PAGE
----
defects or illusions of his own coarser vision, auditory powers, and other senses. He has no right to trespass on the grounds of metaphysics and psychology. His duty is to verify and to rectify all the facts that fall under his direct observation; to profit by the experiences and mistakes of the Past in endeavouring to trace the working of a certain concatenation of cause and effects, which, but only by its constant and unvarying repetition, may be called A LAW. This it is which a man of science is expected to do, if he would become a teacher of men and remain true to his original programme of natural or physical sciences. Any side-way path from this royal road becomes speculation. 
Instead of keeping to this, what does many a so-called man of science do in these days? He rushes into the domains of pure metaphysics, while deriding it. He delights in rash conclusions and calls it "a deductive law from the inductive law" of a theory based upon and drawn out of the depths of his own consciousness: that consciousness being perverted by, and honeycombed with, one-sided materialism. He attempts to explain the "origin" of things, which are yet embosomed only in his own conceptions. He attacks spiritual beliefs and religious traditions millenniums old, and denounces everything, save his own hobbies, as superstition. He suggests theories of the Universe, a Cosmogony developed by blind, mechanical forces of nature alone, far more miraculous and impossible than even one based upon the assumption of fiat lux out of nihil — and tries to astonish the world by such a wild theory; which, being known to emanate from a scientific brain, is taken on blind faith as very scientific and the outcome of SCIENCE.“  		S D   II 661-4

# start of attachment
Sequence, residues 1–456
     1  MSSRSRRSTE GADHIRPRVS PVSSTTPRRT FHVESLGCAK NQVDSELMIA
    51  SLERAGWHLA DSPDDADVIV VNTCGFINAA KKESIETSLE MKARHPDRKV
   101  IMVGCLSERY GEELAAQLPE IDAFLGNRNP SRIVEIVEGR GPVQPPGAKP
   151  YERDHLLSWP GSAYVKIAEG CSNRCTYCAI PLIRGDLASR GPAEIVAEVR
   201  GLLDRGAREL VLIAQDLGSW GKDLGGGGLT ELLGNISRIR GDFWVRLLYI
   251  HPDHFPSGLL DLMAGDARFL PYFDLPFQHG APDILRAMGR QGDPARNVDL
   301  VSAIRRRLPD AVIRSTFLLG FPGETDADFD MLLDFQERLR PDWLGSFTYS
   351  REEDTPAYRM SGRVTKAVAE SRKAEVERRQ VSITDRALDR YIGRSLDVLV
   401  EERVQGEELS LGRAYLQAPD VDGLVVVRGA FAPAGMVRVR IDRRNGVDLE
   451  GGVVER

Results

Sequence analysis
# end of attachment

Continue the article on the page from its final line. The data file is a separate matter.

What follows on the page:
Best wishes, 



-----Original Message-----
From: Aspasia Papadomichelaki [] 
Sent: Saturday, August 05, 2006 5:20 AM
Subject: [bn-study] RE: contemplation/meditation

Words are symbols and a symbol illustrates one single and special idea,
while an emblem “comprises a larger series of thoughts than a symbol” HPB
says in “Symbolism and Ideographs”. (SD I, 305) 

In the same chapter she gives the following excerpt concerning the language
and its use:
“To clear up an ambiguity as to the term language:  Primarily the word means
the expression of ideas by human speech; but, secondarily, it may mean the
expression of ideas by any other instrumentality. A picture of something
natural may give rise to ideas of co-ordinative subject-matter, radiating
out in various and even opposing directions, like the spokes of a wheel, and
producing natural realities in departments very foreign to the apparent
tendency of the reading of the first or starting picture.  Notion may give
rise to connected notion, but if it does, then, however apparently
incongruous, all resulting ideas must spring from the original picture and
be harmonically connected, or related. . . . Thus with a pictured idea
radical enough, the imagination of the Cosmos itself even in its details of
construction might result … (SD I, 309)

In Stanza VI, she gives the mystical significance of the Sound-Vach and the
way that Cosmos manifests expanded in four aspects from the Initial Sound.
The four aspects correspond to the four planes of objectivity, each one